Tuesday, October 21, 2008

Why is gay marriage impossible?

By definition gay marriage is an impossibility. Marriage is more than just a civil contract but is a sacramental covenant that god ordained to produce offspring. Since Homosexuals cannot produce offspring, it can’t be a marriage. Even just speaking on a natural level, the sexual act was designed to produce offspring. The purpose of the sexual act was to be fruitful and multiply (Genesis 1:22). No where is scripture do you see that it can be for personal pleasure. In fact Onan in Genesis was killed by God because of that. The following are 3 related verses. The middle one explains the duty of a brother to bring up offspring to his brother’s wife if his brother would happen to die and not bring forth children. The first one is where Onan is killed by god for contracepting and the last verse shows that the penalty for not bring up children is his brother’s household was public humiliation not death which proves that contraception is such a moral evil that god had to kill Onan for.
Gen 38:9-10 But Onan knew that the offspring would not be his; so when he went in to his brother's wife he spilled the semen on the ground, lest he should give offspring to his brother. And what he did was displeasing in the sight of the LORD, and he slew him also.
Dt 25:5 "If brothers dwell together, and one of them dies and has no son, the wife of the dead shall not be married outside the family to a stranger; her husband's brother shall go in to her, and take her as his wife, and perform the duty of a husband's brother to her.
Dt 25:9 then his brother's wife shall go up to him in the presence of the elders, and pull his sandal off his foot, and spit in his face; and she shall answer and say, 'So shall it be done to the man who does not build up his brother's house.'
Now since homosexuals can only have sexual acts in a way that is opposed to life it is a grave evil.
Recall the story of Sodom and Gomorrah in Genesis19. God sent angels in the appearance of men to see if anyone was righteous. The men of Sodom tried to rape the male angels. The long and the short of it. God pulverized the city so badly that archeologist can’t find where it was. The word sodomy means an offensive term for anal intercourse.
Lev 18:22 You shall not lie with a male as with a woman; it is an abomination.
Rom 1:25-27 They exchanged the truth of God for a lie, and worshiped and served created things rather than the Creator—who is forever praised. Amen. Because of this, God gave them over to shameful lusts. Even their women exchanged natural relations for unnatural ones. In the same way the men also abandoned natural relations with women and were inflamed with lust for one another. Men committed indecent acts with other men, and received in themselves the due penalty for their perversion.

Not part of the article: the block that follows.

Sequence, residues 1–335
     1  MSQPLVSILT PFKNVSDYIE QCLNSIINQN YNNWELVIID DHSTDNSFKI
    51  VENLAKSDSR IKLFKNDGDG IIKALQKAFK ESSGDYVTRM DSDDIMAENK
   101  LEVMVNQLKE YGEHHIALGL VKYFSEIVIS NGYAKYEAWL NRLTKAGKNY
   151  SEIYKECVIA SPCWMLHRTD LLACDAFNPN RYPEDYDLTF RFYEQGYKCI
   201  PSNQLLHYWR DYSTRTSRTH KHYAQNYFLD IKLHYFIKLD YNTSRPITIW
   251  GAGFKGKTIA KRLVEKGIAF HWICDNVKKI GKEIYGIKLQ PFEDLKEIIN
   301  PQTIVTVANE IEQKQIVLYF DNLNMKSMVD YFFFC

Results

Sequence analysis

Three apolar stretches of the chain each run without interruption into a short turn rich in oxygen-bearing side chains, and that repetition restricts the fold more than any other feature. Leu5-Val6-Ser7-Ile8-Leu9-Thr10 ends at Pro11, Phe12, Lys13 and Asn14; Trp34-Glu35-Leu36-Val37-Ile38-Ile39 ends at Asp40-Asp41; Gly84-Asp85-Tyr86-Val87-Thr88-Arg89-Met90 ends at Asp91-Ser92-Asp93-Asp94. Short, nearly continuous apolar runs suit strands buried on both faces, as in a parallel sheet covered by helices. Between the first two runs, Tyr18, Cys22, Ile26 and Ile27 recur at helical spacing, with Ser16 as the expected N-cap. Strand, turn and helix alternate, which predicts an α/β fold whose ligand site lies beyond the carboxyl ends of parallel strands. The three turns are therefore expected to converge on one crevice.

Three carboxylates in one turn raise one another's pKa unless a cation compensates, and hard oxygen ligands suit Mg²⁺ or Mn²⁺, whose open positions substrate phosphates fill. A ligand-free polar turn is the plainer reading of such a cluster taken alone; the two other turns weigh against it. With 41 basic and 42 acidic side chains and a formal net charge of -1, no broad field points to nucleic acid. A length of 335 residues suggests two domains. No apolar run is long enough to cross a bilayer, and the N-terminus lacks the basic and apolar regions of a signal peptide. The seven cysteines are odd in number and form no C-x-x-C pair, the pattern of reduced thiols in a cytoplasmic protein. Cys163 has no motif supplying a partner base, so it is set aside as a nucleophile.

1 Cor 6:9-10 Do you not know that the wicked will not inherit the kingdom of God? Do not be deceived: Neither the sexually immoral nor idolaters nor adulterers nor male prostitutes nor homosexual offenders nor thieves nor the greedy nor drunkards nor slanderers nor swindlers will inherit the kingdom of God.
1 Tim 1:10 and immoral men and homosexuals and kidnappers and liars and perjurers, and whatever else is contrary to sound teaching,
People who have been have a homosexual disposition carry a heavy cross. Having this disposition isn’t sinful but acting out the disposition is. In a lot of cases the environment and culture have twisted the mind of the person towards the disposition. Many people have been helped with counseling. Better Help is an online counseling service that may be helpful. Also listen to this podcast talking about how a prenatal nutritional deficiency can cause a doubling of the size of the pre optic hypothalamus resulting in a predisposition to same sex attraction.

What’s wrong with Embryonic Stem cell research anyway and why should we care?

What’s wrong with Embryonic Stem cell research anyway and why should we care?
Embryonic Stem cell research is where scientists either take an embryo (human being in its simplest form) from a donor or from taking sperm and an egg and induce fertilization in a test tube. Since embryos are at the simplest form of a human the cells within eventually grow into all of the different types of cells in the body. Brain cells, skin cell, liver cells etc. With this idea, the hope is that these cells can be implanted in the body and grow into cells such as nerve cells which could cure paralysis.